Google Cloud is turning to a traditional enterprise sales model as it takes on front-runners Amazon and Microsoft: separate services by industry and go straight to c-suites.
CEO Thomas Kurian, who's now been at the helm of the cloud business for a year, this week outlined the company's strategy, which included targeting five industries: retail, healthcare, financial services, media and entertainment and manufacturing, according to a company slide deck presented at the Goldman Sachs technology conference in San Francisco this week. While each of them have their own selling points, most of them revolve around using Google's chops in artificial intelligence.
"When we build these industry-specific solutions, they're highly differentiated," Kurian said at the Goldman Sachs conference. "No one has that capability and that allows us to sell not just to IT but to business-owners."
Before Google, Kurian worked as at Oracle for more than 20 years. At Google, Kurian is focused on selling to the C-suite -- CEOs, chief digital officers, chief information officers, and chief information security officers. That's a fairly traditional sales strategy for large enterprise companies, while newer upstarts tend to sell to departmental heads or try to spur bottom-up adoption from users or software developers.
The latest color to its strategy comes as its parent company Alphabet broke out Cloud revenue numbers for the first time in its fourth quarter earnings report. Google's cloud business generated $8.92 billion in revenue in fiscal 2019, compared with $5.84 billion in 2018, and the company claims it's on a $10 billion annual run rate. While that growth is impressive, Amazon Web Services booked more than $35 billion in revenue last year, and analysts including Synergy and Gartner put it in firm first place in terms of market share, with Microsoft as the clear number two.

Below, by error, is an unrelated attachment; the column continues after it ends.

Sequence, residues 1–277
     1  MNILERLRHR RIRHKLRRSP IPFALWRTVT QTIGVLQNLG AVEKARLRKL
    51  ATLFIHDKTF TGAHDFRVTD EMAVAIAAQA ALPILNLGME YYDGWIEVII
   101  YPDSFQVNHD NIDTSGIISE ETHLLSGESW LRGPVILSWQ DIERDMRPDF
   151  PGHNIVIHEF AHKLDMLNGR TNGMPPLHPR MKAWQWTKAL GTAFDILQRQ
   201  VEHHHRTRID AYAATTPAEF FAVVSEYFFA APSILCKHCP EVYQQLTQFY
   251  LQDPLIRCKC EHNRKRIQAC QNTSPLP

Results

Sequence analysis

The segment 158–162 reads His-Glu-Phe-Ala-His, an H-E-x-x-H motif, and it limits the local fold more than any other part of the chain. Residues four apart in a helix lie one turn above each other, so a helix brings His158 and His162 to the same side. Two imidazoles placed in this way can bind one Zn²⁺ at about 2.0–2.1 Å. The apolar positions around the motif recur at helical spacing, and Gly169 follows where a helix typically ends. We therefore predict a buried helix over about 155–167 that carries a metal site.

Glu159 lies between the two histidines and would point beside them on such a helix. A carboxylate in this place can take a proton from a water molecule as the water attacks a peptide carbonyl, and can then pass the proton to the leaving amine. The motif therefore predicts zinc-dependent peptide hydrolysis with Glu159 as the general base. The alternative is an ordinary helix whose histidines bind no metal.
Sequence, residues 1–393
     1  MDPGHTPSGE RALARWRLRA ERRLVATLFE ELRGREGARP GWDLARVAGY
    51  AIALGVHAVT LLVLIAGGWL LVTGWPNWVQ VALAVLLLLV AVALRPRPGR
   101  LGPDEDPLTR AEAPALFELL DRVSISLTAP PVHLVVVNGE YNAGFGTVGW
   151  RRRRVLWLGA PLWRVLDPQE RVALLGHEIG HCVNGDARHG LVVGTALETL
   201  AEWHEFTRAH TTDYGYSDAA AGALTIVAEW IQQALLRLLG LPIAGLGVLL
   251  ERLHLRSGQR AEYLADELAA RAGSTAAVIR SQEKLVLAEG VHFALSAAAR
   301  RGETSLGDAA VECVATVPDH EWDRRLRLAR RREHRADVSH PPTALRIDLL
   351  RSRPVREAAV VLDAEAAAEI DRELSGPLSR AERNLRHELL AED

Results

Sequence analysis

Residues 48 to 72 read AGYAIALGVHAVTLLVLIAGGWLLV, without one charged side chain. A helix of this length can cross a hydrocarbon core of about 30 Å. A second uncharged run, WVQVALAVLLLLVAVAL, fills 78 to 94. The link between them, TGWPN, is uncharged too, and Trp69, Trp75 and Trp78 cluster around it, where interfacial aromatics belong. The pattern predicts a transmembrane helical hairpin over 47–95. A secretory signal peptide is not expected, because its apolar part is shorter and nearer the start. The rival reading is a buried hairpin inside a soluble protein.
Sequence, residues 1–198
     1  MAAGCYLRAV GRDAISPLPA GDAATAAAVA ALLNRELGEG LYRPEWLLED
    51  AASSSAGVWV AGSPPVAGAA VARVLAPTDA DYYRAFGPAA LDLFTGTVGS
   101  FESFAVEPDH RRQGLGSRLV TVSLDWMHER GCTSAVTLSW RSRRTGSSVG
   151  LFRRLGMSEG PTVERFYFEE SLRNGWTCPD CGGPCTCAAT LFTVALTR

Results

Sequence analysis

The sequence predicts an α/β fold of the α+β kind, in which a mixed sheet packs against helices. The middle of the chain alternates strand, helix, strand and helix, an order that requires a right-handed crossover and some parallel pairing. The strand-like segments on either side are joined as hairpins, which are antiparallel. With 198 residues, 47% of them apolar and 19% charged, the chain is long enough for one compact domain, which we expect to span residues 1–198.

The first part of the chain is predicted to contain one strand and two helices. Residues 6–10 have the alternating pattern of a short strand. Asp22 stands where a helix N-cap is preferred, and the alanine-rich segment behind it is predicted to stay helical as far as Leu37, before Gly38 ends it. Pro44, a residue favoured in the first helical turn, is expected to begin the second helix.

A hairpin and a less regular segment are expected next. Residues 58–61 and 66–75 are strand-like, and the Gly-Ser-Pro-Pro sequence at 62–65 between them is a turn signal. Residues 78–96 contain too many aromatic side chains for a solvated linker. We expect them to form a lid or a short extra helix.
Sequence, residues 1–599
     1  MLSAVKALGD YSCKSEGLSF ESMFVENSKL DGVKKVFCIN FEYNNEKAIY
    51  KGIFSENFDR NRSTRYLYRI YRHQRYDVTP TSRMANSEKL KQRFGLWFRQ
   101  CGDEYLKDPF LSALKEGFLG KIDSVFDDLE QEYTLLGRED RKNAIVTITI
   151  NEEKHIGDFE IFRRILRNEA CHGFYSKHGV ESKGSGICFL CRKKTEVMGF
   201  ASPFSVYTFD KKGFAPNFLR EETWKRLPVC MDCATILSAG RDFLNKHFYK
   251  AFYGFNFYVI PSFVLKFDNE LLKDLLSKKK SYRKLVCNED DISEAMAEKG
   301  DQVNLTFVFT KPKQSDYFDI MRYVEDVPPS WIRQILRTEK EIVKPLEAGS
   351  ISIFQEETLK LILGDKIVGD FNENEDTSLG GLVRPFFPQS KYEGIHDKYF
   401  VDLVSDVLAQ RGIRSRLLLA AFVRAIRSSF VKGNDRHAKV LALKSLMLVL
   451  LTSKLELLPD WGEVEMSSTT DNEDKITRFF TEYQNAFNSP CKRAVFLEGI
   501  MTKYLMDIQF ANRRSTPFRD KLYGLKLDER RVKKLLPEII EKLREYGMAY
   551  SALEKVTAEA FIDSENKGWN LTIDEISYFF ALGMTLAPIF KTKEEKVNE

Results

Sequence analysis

Alphabet is counting on Google Cloud and other newer businesses to bring in the revenue it loses amid a slowdown in ad sales. However, at its current state, Cloud won't be enough to offset the slowing growth, analysts said after the company's earnings release. Morgan Stanley analyst Brian Nowak said Google will need to deliver "faster growth" in its Cloud unit "in order to get credit" for the business.
But Kurian said that its focus on software differentiates it from other companies.
"We've been very clear with partners: We're a software solutions company, we're not a services company, so it attracts the big customers to work with us because there are very clear lines of separation of what we do and how we partner," Kurian said at the Goldman Sachs conference in San Francisco this week. The remarks seemed directed at Amazon, which competes aggressively in retail and recently moved into groceries, as well as IBM, which has a strong services business and is pursuing a multi-cloud sales strategy.